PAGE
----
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Crest of the Imperial Chrysanthemum Throne.


Ohobiko (大彦命) was the son of Emperor Kōgen and Uchishikome.


He was the brother to Emperor Kaika, Yamatotohime12 and Sukunabikookokoro.1

The kojiki lists him as the father of Takenumakahawake, Hikoinakoshiwake and Mimakihime.13

The nihongi lists him as ancestor of the Abe no Omi, Kashihade no Omi, Ahe no Omi, Sasakiyama no Kimi, Tsukushi no Miyakko, Koshi no Miyakko and Iga no Omi.2

Reign of Emperor Sujin

During the 10th year of the reign of Emperor Sujin he is sent out to subdue to provinces with three other man.123 Ohobiko being sent to north according to the nihongi2 and more specifically to Koshi Province in the kojiki.

After leaving he came across a girl who sings a cryptic song about the emperor. After asking the girl what the song means she disappears and so he returns to the emperor to report on what he saw.123

Here the version of events differ slightly.

Kojiki Version

In the kojiki it says the emperor understanding the message says it must mean that Takehaniyasuhiko means to attack him. And so Ohobiko is asked to raise an army agaisnt him. Taking Hikokunibuku with him they set sacred jars at the Pass of Wani before departing. In Yamashiro Province, on the banks of the Wakara River they find Takehaniyasu waiting for them.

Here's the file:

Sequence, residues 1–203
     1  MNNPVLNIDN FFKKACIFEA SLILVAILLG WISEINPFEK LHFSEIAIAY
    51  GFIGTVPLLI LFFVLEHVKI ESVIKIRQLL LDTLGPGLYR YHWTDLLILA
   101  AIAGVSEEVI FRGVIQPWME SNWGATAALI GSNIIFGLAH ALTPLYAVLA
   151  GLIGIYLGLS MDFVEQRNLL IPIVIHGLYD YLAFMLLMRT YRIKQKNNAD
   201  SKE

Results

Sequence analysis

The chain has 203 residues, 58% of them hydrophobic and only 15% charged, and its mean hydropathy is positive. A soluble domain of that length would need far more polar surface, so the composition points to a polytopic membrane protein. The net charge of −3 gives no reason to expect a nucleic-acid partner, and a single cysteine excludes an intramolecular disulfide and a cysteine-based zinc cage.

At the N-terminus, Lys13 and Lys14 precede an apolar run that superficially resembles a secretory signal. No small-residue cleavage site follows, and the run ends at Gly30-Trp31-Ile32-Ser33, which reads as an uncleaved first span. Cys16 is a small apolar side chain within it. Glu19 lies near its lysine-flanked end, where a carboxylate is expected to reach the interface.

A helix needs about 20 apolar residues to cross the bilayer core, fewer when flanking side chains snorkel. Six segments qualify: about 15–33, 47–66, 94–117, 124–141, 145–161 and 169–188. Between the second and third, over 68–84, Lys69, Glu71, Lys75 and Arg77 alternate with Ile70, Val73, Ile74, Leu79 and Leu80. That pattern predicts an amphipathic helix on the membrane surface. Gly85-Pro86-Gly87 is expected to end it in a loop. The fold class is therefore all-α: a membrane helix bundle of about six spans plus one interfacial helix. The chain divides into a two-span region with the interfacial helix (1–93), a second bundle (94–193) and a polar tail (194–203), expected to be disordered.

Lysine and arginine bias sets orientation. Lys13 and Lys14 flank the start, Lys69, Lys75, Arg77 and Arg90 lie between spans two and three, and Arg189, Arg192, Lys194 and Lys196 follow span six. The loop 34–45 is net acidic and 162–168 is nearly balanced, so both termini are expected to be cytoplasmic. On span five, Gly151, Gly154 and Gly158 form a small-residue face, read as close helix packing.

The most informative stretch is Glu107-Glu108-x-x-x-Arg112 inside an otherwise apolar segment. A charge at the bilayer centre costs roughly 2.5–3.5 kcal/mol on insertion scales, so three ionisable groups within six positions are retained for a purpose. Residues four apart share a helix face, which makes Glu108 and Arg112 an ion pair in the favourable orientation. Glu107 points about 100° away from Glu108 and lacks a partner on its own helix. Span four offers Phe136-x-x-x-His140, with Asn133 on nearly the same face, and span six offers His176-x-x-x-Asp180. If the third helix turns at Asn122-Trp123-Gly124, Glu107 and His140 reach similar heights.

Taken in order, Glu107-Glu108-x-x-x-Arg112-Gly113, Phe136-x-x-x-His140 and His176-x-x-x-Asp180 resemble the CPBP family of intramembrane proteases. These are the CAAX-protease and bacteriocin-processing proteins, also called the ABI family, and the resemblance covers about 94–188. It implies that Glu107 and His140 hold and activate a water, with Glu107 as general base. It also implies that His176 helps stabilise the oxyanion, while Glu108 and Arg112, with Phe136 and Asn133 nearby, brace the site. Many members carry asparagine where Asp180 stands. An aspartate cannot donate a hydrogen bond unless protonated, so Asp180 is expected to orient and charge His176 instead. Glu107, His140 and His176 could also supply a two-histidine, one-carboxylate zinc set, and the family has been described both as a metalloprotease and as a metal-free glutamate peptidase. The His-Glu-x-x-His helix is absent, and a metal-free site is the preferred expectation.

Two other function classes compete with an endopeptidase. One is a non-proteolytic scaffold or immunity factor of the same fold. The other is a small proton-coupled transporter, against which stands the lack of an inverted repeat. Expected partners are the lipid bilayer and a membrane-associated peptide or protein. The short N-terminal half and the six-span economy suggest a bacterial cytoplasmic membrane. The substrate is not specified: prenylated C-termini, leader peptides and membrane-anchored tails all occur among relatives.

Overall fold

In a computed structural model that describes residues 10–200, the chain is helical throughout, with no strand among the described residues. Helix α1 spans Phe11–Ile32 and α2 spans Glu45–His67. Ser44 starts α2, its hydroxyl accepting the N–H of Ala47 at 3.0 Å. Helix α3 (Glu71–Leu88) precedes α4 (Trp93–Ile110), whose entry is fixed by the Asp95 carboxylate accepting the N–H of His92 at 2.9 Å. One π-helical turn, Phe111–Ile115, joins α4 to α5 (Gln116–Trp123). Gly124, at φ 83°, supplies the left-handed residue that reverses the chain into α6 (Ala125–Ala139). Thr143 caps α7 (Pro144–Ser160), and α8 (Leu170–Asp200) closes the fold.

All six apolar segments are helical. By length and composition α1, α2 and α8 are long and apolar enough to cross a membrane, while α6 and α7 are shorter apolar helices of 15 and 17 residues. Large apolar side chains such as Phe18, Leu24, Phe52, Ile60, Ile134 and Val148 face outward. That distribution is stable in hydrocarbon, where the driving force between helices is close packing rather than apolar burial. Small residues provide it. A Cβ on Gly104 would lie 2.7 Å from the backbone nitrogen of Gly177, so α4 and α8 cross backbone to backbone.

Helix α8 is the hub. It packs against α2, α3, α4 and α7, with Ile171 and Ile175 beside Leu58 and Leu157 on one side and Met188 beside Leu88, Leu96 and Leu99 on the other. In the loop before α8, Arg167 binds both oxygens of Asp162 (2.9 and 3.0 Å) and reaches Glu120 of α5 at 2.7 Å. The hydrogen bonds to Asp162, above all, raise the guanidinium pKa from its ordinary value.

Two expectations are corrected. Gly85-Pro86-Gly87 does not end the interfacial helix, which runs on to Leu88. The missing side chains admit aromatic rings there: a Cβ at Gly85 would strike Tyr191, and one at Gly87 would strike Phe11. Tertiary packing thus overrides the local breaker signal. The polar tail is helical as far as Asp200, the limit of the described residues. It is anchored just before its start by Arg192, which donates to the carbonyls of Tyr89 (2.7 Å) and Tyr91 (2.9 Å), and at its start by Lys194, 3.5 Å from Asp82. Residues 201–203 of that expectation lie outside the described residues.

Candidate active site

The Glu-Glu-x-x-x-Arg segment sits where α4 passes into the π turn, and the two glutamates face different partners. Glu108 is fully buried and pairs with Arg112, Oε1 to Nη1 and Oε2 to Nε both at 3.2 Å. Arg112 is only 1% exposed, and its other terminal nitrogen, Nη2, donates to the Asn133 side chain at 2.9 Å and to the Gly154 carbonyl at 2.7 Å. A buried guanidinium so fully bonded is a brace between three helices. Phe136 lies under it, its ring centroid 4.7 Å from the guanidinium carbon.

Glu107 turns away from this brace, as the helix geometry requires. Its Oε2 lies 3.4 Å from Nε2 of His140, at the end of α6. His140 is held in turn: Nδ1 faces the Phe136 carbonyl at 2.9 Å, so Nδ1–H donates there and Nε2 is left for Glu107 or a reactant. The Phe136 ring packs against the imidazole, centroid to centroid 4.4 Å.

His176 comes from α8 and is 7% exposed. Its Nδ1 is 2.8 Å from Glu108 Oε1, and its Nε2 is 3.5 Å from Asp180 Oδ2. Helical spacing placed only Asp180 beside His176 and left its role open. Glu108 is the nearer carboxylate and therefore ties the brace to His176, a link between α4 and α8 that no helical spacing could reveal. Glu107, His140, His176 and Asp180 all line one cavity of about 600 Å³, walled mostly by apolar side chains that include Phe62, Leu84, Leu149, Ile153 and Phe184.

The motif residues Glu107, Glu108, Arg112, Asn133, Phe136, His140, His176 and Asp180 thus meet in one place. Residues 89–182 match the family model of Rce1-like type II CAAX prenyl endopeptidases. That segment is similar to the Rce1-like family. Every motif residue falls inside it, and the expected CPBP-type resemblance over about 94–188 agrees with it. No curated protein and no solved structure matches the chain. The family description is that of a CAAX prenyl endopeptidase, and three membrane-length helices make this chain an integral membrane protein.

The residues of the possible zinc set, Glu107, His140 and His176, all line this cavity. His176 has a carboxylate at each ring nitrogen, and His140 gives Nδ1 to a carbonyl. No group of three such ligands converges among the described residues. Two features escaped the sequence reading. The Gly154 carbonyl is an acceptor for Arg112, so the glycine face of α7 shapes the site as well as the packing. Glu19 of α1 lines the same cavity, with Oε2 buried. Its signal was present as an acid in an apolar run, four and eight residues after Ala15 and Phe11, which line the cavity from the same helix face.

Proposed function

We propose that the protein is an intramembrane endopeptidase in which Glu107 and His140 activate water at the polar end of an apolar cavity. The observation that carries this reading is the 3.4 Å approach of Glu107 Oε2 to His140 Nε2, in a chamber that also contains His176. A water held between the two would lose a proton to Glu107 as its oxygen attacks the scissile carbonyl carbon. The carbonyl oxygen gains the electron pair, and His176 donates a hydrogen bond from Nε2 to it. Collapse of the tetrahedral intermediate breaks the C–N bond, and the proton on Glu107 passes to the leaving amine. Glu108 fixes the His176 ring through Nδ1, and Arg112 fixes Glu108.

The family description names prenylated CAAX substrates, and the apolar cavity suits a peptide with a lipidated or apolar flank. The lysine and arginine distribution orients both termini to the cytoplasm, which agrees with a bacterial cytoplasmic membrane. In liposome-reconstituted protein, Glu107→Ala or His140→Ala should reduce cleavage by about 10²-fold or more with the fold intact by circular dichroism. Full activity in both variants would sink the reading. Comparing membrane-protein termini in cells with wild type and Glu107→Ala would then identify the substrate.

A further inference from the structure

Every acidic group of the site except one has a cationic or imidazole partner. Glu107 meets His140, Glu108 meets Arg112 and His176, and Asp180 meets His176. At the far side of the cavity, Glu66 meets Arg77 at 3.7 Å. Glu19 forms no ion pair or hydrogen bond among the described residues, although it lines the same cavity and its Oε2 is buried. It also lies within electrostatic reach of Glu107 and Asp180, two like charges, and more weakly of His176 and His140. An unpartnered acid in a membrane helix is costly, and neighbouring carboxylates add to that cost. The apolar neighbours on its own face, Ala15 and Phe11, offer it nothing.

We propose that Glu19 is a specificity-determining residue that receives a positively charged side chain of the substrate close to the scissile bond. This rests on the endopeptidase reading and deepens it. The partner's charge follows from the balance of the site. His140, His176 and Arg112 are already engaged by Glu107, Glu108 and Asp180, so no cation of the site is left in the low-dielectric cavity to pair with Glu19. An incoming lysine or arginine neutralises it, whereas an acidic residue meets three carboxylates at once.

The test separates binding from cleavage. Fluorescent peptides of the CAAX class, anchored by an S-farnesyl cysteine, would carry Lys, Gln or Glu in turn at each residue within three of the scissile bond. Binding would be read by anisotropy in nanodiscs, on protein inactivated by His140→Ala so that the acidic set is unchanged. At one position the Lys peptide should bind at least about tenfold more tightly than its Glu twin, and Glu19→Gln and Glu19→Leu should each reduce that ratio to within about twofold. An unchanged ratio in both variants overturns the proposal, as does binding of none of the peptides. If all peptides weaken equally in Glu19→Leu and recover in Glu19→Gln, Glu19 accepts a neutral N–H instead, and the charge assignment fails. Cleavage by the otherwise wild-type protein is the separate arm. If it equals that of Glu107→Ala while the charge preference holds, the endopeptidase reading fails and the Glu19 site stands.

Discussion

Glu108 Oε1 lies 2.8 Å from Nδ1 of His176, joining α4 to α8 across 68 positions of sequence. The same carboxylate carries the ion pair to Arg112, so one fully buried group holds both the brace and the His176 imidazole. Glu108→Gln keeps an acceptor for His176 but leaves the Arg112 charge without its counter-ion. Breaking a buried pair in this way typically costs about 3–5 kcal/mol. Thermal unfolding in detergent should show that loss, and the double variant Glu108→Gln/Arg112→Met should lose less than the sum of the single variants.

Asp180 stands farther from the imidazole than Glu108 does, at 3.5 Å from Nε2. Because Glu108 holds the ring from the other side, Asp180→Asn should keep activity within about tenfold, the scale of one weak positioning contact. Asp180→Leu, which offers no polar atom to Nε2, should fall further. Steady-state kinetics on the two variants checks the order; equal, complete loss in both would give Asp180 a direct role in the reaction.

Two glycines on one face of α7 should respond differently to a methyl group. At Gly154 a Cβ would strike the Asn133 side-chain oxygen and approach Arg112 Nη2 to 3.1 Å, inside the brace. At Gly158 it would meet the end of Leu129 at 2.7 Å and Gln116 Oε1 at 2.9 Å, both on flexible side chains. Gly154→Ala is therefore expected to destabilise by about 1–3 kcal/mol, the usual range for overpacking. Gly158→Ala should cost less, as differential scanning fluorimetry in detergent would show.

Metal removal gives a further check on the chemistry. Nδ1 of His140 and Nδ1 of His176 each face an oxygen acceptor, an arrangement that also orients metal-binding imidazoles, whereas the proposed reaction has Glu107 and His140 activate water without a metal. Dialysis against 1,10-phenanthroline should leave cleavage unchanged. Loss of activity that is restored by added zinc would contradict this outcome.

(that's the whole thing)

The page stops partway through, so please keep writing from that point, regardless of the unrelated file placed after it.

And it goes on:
Takehaniyasu shoots an arrow first and misses, Hikokunubuku returning fire and killing Takehaniyasu with his shot causing his army to rout and flee.

The army is hunted down and killed and the two return to give a report to the Emperor.13

Nihongi Version

In the nihongi it states that his sister Yamatotohime understood the meaning of the song.

Takehaniyasu and his wife Atahime then arrive with their armies, coming from two directions. Atahime through Ohosaka and Takehaniyasu through Yamashiro.

Atahime is intercepted and defeating by Kibitsuhiko.

Ohohiko and Hikokunifuku head to Yamashiro after setting sacred jars. Again Takehaniyasu shoots first and misses, and Hikokunifuku shoots and kills Takehaniyasu.

After the war Ohobiko is later sent to subdue the ‘savage tribes abroad’ alongside Kibitsuhiko, Tambanochinushi and Takenumakahawake.2


1. Yasumaro. O, translated by Gustav Heldt. (2014) “Kojiki. An Account of Ancient Matters”. New York: Columbia University Press.
2. Aston. W.G. (1896) “Nihongi Volume 1: Chronicles of Japan from the Earliest Times to AD697”. Tuttle Publishing.
3. Chamberlain, B. H. (1932) “Translation of the Kojiki.” Kobe: J.L. Thompson & Co.

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